No way VM would move to a 32x8 DOCSIS 3.0 system now, it's a sidegrade from the Superhub3.0.

    Next VM modem will be DOCSIS 3.1
  • mooninite - Tuesday, May 8, 2018 - link

    Anything Puma is trash. Also, DOCSIS 3.0 when Spectrum and others are already active with 3.1 markets? This product is DOA.
  • ikjadoon - Tuesday, May 8, 2018 - link

    Exactly. Aanadtech, you missed that Puma has such horribly bad TCP performance that wrote a test for users to confirm/deny if they had a Puma chipset in their cable modem:

    ARRIS was literally sued last year because of this steaming pile of junk: it's that bad.
  • ganeshts - Tuesday, May 8, 2018 - link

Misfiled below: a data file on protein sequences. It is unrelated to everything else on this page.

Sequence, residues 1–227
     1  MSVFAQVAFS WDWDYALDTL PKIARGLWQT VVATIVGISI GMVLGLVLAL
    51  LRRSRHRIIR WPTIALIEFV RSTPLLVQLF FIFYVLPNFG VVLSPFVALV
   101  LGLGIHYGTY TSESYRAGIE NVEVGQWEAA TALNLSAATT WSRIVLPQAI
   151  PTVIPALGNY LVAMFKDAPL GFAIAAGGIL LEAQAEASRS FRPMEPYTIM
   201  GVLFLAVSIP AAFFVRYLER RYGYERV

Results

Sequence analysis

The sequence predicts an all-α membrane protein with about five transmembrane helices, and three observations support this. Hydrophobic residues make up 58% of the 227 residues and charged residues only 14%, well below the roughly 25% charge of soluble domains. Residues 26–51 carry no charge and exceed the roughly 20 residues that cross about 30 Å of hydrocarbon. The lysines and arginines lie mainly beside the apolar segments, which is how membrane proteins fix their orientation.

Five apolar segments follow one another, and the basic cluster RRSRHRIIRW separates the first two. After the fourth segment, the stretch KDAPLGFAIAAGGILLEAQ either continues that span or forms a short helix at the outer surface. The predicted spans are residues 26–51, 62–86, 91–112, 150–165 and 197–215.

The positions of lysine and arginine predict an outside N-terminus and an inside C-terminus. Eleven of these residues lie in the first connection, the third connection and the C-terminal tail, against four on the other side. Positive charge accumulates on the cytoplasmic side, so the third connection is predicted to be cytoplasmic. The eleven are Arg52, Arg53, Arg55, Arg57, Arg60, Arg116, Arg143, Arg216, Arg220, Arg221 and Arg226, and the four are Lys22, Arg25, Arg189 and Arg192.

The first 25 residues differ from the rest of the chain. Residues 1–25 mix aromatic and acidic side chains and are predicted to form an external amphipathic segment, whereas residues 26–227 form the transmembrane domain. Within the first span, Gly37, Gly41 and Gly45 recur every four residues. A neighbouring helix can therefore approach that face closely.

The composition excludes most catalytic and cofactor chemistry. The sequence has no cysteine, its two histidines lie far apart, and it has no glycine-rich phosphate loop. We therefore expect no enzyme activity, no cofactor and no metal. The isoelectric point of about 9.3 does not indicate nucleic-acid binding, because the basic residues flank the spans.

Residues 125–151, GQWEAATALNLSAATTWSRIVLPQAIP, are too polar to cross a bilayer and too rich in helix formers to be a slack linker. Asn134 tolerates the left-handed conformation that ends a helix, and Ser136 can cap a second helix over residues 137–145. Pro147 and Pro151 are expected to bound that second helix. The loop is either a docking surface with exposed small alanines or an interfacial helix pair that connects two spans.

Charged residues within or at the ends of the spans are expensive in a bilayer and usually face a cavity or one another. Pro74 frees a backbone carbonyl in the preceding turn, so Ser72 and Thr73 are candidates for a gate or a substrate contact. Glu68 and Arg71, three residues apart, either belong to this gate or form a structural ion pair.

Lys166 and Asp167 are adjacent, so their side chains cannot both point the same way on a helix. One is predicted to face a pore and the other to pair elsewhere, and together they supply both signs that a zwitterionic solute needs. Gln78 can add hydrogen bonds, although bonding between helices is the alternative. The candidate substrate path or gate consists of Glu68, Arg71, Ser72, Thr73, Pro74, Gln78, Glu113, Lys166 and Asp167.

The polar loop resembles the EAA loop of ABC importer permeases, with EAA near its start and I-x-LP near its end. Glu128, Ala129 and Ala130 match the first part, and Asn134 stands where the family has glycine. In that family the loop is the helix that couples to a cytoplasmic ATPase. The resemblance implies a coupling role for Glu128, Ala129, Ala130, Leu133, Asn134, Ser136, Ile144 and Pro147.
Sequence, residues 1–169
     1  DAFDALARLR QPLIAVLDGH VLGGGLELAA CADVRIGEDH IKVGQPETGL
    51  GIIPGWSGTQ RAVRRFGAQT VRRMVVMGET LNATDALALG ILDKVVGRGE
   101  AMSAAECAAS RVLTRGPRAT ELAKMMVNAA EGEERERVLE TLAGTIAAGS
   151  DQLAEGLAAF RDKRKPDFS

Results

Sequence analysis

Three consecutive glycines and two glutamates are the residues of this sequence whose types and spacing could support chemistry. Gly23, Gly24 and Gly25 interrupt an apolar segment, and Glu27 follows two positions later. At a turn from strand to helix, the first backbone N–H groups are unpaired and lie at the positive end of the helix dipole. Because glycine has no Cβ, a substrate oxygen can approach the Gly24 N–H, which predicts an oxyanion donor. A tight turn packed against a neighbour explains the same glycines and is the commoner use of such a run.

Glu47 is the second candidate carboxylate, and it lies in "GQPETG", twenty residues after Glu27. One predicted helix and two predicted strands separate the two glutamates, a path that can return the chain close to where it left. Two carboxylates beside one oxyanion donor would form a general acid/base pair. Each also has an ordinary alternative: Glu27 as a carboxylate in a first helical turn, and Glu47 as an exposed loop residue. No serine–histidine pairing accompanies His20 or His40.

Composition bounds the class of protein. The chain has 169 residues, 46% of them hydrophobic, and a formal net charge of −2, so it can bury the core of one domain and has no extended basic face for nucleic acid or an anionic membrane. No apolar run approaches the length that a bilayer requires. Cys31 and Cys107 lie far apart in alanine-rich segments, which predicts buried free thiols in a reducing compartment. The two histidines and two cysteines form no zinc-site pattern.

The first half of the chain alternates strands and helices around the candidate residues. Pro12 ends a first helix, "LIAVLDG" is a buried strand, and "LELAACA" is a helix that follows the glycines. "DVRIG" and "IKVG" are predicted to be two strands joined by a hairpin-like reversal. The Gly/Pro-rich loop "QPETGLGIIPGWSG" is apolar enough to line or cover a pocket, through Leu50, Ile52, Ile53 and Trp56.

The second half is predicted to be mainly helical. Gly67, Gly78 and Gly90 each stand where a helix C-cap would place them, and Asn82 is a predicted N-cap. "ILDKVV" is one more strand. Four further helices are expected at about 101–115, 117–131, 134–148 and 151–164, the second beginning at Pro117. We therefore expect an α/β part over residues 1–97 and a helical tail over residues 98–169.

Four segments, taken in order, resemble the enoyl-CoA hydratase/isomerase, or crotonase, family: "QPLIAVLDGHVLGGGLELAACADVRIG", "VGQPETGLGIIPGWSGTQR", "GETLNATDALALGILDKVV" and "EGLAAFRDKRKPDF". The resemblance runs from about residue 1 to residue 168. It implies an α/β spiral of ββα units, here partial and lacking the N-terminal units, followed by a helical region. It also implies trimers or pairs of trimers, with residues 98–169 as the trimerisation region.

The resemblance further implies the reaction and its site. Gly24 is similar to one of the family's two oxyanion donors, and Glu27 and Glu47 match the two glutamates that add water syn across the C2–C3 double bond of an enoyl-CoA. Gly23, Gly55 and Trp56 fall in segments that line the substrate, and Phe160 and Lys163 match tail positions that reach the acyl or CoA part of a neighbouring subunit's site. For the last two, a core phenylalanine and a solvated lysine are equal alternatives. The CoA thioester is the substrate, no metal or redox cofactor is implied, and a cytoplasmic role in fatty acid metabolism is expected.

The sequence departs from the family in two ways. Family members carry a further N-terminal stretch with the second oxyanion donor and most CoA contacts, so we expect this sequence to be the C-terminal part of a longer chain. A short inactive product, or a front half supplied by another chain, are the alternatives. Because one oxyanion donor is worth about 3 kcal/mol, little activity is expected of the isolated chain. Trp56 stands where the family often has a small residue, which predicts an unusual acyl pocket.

You should read the article first before commenting.

    The cable modem PCB is based on the Intel Puma chipset (we have reached out to Netgear to confirm that it is not the one affected by the network latency issue).
  • ganeshts - Tuesday, May 8, 2018 - link

    Netgear has pure cable modems that target the DOCSIS 3.1 market. The modem-wireless router combos are never on the bleeding edge. This product is not for the power users who opt for the highest tier of DOCSIS 3.1.